Fine image of a bra with its contents as a motif for the John Money pages    

The Psychology of Sex

John Money

There are no genes that by themselves directly create instincts or other anlagen of behavioral patterns destined to unfold as dimorphically male or female. Likewise, there is no prenatal hormone – nor any other known substance or combination of substances – that directly creates sexually segregated and dimorphic instincts or forms of reasoning or other behavior. It does appear, however, on the basis of evidence so far available, that prenatal hormones (which themselves may be genetically regulated) are able to establish trends or dispositions toward a few sexually dimorphic forms of behavior. The principle is that a given hormone changes the threshold for the eventual emergence of a certain type of behavior. Threshold is the key word (Chapter 3). It is not that males are endowed with one kind of behavior and females with another. The behavior is shared. It is the threshold for its emergence that is sexually dimorphic....

The issue is whether the sex-different threshold is a product simply of postnatal conditioning and habituation, or whether it is set by a prenatal, species-shared phyletic mechanism. As in many other fundamentals of human behavior, the issue cannot yet be resolved conclusively, for systematic research is exceedingly sparse. However, there is an important lead to be found in what was originally a serendipitous experimental finding of Koranyi and his associates in Pécs, Hungary.

The experiment as planned was designed to monitor under various conditions electrical activity of multiple cell units (multiple unit activity) in different brain regions, including the anterior hypothalamus. The experimental animals, cats, lived with microelectrodes permanently and safely implanted into the brain. They were tested on many different occasions. It so happened that one experimental animal became pregnant and delivered a litter of kittens. Experimentally, she was too valuable to exclude from further study. So, she was brought with her kittens into the testing room. There, on one occasion, it was observed that the recording traced on paper by an EEG (brainwave) pen was highly erratic. This erraticism could have been written off as an experimental error. Instead, the investigator was astute enough to recognize that it occurred only when the hungry kittens in the litter box meowed, calling for their mother to feed them. The sound of their hungry call triggered a response in various parts of the brain, particularly, as subsequent investigation showed, in the amygdala. Subsequent investigation showed also that a mother cat’s sensitivity to the call of her kittens rose sharply during the period of lactation. This increase in sensitivity is regulated by lactogenic hormone or possibly some other substance in the bloodstream. This point was proved using mice as the experimental animals.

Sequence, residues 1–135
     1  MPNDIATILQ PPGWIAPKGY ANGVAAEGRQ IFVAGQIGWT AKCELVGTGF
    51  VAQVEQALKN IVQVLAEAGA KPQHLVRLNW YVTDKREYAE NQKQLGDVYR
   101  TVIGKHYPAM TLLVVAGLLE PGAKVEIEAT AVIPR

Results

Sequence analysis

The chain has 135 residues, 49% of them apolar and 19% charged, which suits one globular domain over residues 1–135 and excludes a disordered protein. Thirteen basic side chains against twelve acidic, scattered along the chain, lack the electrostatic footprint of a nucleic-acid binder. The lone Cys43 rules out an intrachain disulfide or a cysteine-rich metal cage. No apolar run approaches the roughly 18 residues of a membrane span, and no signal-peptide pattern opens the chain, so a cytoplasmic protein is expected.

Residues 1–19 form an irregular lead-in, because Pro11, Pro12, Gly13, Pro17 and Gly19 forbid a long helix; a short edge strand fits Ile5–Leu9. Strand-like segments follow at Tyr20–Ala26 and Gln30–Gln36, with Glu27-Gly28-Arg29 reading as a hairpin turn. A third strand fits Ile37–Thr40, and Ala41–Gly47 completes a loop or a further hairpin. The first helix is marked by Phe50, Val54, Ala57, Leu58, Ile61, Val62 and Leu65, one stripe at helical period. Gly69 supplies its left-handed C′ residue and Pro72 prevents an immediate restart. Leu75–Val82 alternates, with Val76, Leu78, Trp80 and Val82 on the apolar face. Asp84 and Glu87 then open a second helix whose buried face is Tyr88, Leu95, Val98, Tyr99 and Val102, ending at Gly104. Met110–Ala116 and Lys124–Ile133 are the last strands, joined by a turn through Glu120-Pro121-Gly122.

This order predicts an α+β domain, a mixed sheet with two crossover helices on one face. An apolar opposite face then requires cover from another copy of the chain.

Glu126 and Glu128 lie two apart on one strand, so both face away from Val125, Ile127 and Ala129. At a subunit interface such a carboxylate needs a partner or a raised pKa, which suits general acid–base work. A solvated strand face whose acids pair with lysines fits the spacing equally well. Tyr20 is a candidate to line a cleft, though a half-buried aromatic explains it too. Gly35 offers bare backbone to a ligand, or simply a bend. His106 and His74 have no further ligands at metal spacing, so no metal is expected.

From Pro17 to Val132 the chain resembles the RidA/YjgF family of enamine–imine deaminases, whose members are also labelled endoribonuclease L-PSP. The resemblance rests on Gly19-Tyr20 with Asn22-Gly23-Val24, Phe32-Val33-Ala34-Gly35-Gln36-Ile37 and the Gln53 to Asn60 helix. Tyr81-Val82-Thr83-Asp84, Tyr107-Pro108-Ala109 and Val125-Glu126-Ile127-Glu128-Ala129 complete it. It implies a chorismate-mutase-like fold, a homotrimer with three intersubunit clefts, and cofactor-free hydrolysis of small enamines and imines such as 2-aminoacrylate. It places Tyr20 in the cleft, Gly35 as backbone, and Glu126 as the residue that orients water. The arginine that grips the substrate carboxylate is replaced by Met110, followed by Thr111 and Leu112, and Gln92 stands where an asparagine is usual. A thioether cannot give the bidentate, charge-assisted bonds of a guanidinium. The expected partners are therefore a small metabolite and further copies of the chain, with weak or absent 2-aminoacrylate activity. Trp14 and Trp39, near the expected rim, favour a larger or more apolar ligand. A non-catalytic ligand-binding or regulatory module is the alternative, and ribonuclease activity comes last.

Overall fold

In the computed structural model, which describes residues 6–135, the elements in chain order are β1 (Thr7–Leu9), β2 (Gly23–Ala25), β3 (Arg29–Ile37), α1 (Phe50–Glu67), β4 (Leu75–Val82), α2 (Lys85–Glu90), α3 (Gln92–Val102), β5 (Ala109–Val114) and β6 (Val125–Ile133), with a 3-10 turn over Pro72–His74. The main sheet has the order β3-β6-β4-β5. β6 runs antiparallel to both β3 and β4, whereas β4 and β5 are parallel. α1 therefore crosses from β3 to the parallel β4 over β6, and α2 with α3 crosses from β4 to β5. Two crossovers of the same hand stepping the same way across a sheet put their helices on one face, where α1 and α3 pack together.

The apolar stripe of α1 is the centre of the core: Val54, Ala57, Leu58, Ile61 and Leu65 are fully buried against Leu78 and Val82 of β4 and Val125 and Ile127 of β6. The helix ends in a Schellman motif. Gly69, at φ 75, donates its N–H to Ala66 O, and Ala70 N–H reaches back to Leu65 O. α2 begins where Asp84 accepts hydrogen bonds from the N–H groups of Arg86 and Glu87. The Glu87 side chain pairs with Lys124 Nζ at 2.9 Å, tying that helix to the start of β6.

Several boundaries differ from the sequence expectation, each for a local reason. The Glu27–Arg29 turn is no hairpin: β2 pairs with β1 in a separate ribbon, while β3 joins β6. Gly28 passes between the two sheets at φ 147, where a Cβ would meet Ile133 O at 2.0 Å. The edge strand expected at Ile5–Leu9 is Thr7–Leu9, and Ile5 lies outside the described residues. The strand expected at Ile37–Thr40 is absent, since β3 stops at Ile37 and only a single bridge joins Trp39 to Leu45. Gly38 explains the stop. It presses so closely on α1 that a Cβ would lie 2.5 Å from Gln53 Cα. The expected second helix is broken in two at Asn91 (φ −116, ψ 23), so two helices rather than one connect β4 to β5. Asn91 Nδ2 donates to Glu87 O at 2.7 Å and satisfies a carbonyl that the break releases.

When plasma from a lactating mouse-mother was injected into virgin females or into males, it produced a dramatic change in their parental behavior: primed with lactogenic plasma, these other animals required only twelve hours, instead of seven to nine days, of exposure to helpless young pups in order to become maternally responsive to their distress signals. In other words, the lactogenic plasma effect worked by lowering the threshold of stimulus sensitivity and response.

John Money, Love and Love Sickness: The Science of Sex, Gender Difference and Pair-bonding, pp. 175, 180-181. John Hopkins University Press (Baltimore, London) 1980.

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